The Stockholm International Peace Research Institute (SIPRI) reported that India was the world’s second-largest importer of major arms in 2014-18, third largest military spender in 2021 and accounted for 9.5% of the global total and India’s military expenditure rose by 3.1% .
The Government has taken several policy initiatives in the past few years under ‘Make in India’ program and brought in reforms to encourage indigenous design, development and manufacture of defence equipment in the country, thereby reducing import of defence equipment. These initiatives include :
- According priority to procurement of capital items from domestic sources under Defence Acquisition Procedure (DAP)-2020.
- Announcement of 18 major defence platforms for industry led design & development (The defense platforms involve the integration of several concepts that are used for design of weapons, support equipment, and automobiles that are essential to the military-based operations of a country.) Some of them include crucial technologies like the Hypersonic Glide Vehicle for Hypersonic missiles, Fast UAVs etc.
- Notification of two ‘Positive Indigenisation Lists’ of total 209 items of Services and two ‘Positive Indigenisation List’ of 2851 items and 107 Line Replaceable Units (LRUs) respectively, of Defence Public Sector Undertakings (DPSUs), for which there would be an embargo on the import beyond the timelines indicated against them;
- Simplification of Industrial licensing process with longer validity period;
- Simplification of Make procedure (The ‘Make’ category of capital acquisition is the cornerstone of the Make in India initiative that seeks to build indigenous capabilities through the involvement of both public and private sector. ‘Make-I’ refers to government-funded projects while ‘Make-II’ covers industry-funded programmes. Make-I involved in development of big-ticket platforms such as light tank and communication equipment with Indian security protocols. Make-II category involves prototype development of military hardware or its upgrade for import substitution for which no government funding is provided. The five projects approved under the industry-funded Make-II procedure are simulators for Apache attacks helicopters and Chinook multi-mission choppers, wearable robotic equipment for aircraft maintenance, autonomous combat vehicle and integrated surveillance and targeting system for mechanised forces.)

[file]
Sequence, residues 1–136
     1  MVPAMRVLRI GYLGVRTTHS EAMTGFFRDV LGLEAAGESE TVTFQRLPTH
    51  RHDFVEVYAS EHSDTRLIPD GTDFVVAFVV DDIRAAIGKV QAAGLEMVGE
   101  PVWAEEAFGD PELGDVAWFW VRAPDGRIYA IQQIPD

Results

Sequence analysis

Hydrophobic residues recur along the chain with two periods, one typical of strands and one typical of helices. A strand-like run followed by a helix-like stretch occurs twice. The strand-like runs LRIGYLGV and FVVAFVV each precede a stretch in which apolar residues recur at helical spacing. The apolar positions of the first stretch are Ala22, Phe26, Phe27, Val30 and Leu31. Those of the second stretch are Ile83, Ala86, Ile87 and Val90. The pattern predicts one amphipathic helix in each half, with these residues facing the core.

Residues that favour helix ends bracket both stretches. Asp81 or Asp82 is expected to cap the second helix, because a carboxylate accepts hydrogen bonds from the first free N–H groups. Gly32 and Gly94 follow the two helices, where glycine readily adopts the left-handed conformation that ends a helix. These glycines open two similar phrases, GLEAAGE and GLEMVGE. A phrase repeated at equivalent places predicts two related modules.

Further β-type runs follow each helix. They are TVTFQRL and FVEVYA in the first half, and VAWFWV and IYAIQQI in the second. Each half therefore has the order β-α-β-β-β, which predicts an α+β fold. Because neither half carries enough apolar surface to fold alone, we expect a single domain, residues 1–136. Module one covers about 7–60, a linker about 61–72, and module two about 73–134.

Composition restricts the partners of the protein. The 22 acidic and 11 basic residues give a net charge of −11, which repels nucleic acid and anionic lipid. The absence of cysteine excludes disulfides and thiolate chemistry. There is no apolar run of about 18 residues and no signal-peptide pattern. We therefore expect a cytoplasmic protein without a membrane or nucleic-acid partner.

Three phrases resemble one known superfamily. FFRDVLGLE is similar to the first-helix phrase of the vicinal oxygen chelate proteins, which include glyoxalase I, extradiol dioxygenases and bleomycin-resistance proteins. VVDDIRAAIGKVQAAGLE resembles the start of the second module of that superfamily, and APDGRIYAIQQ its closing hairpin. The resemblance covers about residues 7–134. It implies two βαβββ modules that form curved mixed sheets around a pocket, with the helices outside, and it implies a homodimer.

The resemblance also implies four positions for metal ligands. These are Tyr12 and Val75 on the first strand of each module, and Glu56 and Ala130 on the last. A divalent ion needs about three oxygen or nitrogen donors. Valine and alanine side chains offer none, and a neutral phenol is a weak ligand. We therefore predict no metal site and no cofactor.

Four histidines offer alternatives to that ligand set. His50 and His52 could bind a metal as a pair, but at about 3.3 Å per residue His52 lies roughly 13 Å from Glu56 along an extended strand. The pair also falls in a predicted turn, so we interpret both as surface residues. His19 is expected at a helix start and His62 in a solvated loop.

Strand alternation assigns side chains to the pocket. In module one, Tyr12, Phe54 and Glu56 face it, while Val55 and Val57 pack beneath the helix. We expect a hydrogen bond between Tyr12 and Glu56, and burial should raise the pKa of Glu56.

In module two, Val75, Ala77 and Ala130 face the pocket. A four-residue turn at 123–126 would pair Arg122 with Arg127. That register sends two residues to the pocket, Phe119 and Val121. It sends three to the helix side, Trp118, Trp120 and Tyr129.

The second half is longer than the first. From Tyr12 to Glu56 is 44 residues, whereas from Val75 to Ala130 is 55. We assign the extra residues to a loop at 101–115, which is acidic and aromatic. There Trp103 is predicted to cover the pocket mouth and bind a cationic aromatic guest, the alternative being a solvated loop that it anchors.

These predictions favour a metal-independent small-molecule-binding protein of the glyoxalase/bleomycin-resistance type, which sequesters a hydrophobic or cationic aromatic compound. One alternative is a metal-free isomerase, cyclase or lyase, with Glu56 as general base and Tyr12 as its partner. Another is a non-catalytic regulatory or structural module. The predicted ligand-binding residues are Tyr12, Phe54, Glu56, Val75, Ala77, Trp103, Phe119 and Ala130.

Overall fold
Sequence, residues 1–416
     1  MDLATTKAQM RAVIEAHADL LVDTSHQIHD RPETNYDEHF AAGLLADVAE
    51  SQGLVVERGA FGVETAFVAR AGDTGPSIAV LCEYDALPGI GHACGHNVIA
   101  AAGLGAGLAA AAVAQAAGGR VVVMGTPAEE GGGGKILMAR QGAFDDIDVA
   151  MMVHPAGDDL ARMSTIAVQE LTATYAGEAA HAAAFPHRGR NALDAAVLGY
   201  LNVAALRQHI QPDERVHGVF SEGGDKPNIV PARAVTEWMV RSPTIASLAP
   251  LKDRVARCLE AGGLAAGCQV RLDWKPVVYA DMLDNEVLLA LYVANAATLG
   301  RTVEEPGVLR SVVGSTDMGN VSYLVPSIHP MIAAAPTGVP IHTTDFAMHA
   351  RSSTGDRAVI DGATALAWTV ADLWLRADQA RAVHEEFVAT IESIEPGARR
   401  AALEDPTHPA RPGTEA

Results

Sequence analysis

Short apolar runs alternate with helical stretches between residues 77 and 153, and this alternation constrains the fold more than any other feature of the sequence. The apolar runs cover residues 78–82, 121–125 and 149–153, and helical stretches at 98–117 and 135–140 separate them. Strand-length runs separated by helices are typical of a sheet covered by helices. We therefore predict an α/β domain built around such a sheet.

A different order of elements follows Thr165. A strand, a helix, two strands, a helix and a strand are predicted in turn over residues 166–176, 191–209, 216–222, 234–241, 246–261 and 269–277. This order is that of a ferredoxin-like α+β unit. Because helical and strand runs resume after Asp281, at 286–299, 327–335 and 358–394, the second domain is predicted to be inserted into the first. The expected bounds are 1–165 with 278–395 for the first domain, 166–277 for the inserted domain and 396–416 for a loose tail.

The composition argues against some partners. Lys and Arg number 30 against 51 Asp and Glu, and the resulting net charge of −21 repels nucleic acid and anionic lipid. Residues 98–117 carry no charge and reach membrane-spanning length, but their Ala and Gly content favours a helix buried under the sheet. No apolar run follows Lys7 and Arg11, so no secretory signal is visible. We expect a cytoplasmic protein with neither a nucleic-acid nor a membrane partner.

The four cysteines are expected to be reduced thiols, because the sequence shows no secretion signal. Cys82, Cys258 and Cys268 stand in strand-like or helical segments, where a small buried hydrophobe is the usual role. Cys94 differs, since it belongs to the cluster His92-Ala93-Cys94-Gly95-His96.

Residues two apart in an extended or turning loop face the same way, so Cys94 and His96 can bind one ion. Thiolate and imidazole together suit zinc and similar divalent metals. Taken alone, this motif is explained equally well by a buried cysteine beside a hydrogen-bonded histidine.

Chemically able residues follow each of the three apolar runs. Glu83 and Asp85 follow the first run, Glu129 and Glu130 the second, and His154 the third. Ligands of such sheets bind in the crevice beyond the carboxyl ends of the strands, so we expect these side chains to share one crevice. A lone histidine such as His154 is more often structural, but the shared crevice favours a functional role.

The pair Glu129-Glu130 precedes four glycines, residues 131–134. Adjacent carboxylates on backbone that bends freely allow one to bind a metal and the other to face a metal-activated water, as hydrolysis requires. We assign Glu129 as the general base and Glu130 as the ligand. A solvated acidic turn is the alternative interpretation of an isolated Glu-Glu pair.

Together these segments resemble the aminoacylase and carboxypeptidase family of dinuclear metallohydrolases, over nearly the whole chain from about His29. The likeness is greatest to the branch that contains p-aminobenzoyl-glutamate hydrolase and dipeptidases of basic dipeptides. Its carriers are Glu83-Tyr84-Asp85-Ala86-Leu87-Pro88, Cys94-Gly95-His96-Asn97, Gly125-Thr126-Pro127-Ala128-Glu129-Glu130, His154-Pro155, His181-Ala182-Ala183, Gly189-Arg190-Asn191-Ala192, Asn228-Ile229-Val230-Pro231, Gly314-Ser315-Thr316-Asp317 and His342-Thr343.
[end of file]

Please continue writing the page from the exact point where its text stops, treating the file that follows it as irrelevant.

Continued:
- Liberalisation of Foreign Direct Investment (FDI) policy allowing 74% FDI under automatic route;
- Launch of Innovations for Defence Excellence (iDEX) scheme involving start-ups & Micro, Small and Medium Enterprises (MSMEs); iDEX aims to achieve self – reliance and foster innovation and technology development in Defence and Aerospace by engaging Industries including MSMEs, start-ups, individual innovators, R&D institutes and academia. iDEX has partnered with leading incubators in the country to provide handholding, technical support and guidance to the winners of iDEX challenges.
- Implementation of Public Procurement (Preference to Make in India) Order 2017;
- Launch of an indigenization portal namely SRIJAN to facilitate indigenisation by Indian Industry including MSMEs; Around 20,000 defence items, which were earlier imported, have been uploaded on the portal for indigenization.
- Reforms in Offset policy with thrust on attracting investment and Transfer of Technology for Defence manufacturing by assigning higher multipliers; and
- Establishment of two Defence Industrial Corridors, one each in Uttar Pradesh and Tamil Nadu.
The superpower ambition, growing complexity of security challenges in India’s neighbourhood and to safeguard economic power (India poised to become a $5 trillion-dollar economy by 2025) India requires strong defence capabilities. Establishing an industrial base supporting defence indigenization would give India a strategic advantage and establish it as a strong defence power in times to come.